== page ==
Be willing to buy a foreclosure or some type of distressed property. They are out there, but inventory is not as good as it was last year. The foreclosure scandal kept many from being listed.
I'm presuming foreclosures would offer the best deal, albeit with more stress and time than a traditional sale. Is what you're saying that banks are sitting on vacant inventory? Are these "disputed" properties that may yet be returned to the previous owner?

In my understanding, the "shadow inventory" not only includes inhabited properties going through the process, but a number of unoccupied homes which are thoroughly bank owned. I don't want to interfere with a homeowner working to keep their home- a bank owned foreclosure where the previous owner walked would be best. Plus, a short sale implies the owner owes more than the house is worth and therefore more than I should be willing to pay, right?

Quote:
Good luck on your home search. I can refer you to a Realtor if you are not already working with one.
We are looking for a realtor, preferably someone that lives in Lake Park or the City and can offer a perspective that shares our preference for the area by living there themselves. We've seen open houses all over Collier County and most realtors have a "whatever is best for the taste of the client" approach, which is GREAT but I feel that someone who is invested in a neighborhood "gets it" and would have a better feeling for it. More importantly, though someone that can navigate the "bank owned" stuff would be helpful.

/We're not against a "traditional" sale, we just can't afford to cover a flipper's profit only to replace their work with our taste.
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Old 08-15-2011, 07:15 PM
 
152 posts, read 412,608 times
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Quote:
Originally Posted by TasteyAvocado View Post
I'm presuming foreclosures would offer the best deal, albeit with more stress and time than a traditional sale. Is what you're saying that banks are sitting on vacant inventory? Are these "disputed" properties that may yet be returned to the previous owner?

In my understanding, the "shadow inventory" not only includes inhabited properties going through the process, but a number of unoccupied homes which are thoroughly bank owned. I don't want to interfere with a homeowner working to keep their home- a bank owned foreclosure where the previous owner walked would be best. Plus, a short sale implies the owner owes more than the house is worth and therefore more than I should be willing to pay, right?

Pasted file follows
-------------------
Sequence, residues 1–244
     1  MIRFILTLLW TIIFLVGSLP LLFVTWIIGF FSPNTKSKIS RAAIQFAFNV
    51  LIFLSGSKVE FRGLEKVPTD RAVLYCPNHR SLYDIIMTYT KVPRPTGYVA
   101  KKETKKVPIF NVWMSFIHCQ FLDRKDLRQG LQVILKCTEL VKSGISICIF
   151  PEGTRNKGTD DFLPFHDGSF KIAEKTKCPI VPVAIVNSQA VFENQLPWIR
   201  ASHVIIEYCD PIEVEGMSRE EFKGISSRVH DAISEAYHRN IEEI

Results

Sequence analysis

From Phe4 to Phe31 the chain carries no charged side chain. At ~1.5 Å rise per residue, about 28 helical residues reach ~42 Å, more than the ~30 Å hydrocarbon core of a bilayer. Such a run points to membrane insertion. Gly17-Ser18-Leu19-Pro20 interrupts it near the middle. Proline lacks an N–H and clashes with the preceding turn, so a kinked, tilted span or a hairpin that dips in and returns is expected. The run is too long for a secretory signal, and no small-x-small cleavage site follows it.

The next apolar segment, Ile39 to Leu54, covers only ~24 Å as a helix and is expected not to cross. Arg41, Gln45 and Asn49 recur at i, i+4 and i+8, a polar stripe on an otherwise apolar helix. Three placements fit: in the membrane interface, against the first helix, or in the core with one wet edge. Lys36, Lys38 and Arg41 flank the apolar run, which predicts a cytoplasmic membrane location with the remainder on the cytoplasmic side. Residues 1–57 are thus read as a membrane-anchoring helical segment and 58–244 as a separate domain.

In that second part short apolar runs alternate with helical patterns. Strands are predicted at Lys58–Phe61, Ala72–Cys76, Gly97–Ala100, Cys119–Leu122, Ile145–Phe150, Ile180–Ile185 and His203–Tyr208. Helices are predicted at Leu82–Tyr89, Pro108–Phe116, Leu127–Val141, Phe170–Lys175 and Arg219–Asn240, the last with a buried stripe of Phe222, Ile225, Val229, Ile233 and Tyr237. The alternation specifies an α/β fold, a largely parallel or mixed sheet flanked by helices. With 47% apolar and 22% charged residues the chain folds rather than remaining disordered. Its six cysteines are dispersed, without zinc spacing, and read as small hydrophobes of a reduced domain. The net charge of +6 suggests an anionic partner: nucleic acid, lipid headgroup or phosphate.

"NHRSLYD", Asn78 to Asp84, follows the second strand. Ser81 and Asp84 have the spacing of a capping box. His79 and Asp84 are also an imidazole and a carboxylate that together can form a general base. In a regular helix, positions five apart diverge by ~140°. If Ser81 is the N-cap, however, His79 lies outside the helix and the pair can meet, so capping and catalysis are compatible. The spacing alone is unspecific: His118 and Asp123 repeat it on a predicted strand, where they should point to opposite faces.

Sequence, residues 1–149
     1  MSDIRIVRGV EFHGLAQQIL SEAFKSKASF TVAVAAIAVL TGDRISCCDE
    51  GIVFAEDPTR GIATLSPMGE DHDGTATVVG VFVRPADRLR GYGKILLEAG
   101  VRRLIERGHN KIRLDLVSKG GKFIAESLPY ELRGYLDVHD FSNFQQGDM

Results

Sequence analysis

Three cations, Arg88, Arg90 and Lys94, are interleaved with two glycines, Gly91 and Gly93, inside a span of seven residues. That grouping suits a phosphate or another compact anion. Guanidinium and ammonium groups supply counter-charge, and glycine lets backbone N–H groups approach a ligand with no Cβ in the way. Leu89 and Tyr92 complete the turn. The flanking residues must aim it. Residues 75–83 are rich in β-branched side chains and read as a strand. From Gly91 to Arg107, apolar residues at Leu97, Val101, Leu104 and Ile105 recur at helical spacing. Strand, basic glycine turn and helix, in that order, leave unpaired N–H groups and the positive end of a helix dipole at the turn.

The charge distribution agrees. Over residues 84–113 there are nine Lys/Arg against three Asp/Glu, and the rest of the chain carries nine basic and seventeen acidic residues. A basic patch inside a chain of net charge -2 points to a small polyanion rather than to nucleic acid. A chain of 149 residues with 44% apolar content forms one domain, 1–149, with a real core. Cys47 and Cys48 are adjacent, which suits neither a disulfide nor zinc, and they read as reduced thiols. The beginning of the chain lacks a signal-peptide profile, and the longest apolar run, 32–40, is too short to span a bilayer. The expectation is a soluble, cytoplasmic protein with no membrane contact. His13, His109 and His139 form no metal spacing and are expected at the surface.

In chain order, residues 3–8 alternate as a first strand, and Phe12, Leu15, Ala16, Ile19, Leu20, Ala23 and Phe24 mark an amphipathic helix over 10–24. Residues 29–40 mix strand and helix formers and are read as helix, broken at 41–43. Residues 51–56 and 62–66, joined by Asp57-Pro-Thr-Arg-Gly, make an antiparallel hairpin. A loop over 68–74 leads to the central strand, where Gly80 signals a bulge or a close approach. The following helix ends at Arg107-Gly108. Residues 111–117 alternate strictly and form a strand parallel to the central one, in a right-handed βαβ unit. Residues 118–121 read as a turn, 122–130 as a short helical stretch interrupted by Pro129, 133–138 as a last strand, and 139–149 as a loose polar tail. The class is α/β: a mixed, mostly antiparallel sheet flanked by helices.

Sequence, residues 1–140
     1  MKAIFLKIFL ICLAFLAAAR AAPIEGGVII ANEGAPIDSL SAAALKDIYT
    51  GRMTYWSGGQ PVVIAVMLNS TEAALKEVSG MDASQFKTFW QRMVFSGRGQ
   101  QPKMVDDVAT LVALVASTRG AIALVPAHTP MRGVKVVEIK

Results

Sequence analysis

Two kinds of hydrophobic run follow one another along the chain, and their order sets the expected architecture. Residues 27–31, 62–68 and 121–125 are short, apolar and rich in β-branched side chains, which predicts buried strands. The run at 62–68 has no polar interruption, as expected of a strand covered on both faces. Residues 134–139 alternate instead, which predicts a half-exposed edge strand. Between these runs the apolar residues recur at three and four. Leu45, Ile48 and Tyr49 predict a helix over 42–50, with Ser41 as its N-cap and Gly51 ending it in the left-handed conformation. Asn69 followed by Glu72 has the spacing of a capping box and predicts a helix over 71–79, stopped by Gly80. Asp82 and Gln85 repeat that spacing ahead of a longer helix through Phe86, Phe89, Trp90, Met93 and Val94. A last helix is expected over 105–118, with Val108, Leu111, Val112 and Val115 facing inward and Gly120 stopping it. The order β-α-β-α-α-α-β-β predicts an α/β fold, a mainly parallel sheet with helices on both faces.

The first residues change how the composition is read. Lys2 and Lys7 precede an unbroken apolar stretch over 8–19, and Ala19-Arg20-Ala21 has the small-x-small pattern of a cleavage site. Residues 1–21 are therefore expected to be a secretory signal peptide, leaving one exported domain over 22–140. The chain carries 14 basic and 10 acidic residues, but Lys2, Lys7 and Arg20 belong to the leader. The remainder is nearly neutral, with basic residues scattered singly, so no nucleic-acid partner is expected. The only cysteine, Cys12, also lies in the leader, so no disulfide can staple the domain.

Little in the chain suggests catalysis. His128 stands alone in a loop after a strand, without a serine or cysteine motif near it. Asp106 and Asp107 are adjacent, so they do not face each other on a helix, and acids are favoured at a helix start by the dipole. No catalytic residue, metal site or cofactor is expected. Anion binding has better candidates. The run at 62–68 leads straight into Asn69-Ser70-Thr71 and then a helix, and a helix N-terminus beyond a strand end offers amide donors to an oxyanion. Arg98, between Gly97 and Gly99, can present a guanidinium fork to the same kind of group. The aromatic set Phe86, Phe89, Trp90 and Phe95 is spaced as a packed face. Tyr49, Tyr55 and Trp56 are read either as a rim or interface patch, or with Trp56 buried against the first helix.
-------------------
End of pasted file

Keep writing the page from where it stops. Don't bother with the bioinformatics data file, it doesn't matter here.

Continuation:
We are looking for a realtor, preferably someone that lives in Lake Park or the City and can offer a perspective that shares our preference for the area by living there themselves. We've seen open houses all over Collier County and most realtors have a "whatever is best for the taste of the client" approach, which is GREAT but I feel that someone who is invested in a neighborhood "gets it" and would have a better feeling for it. More importantly, though someone that can navigate the "bank owned" stuff would be helpful.

/We're not against a "traditional" sale, we just can't afford to cover a flipper's profit only to replace their work with our taste.

The foreclosure mess that we went through at the end of last year caused banks to stop putting the homes on the market that they had foreclosed on. The banks didn't want to be sued for trying to sell property that was questionable due to MERS. When the scandal became news the banks became scared. Also the Florida so called Rocket Docket that rushed the distressed houses through the courts slowed down, and now has become nonexistent. Foreclosures that were coming on the market slowed to a crawl, whereas earlier in 2010 there were many per month listed for sale. Another factor that kept inventories high in summer of last year was that the government incentive for first time purchasers expired in May. So house flippers were able to purchase foreclosures for very low prices due to inventory being high and a flooded foreclosure market. Keep in mind though that distressed properties many times have been looted. Sometimes whole kitchens or baths are taken out along with cooling systems.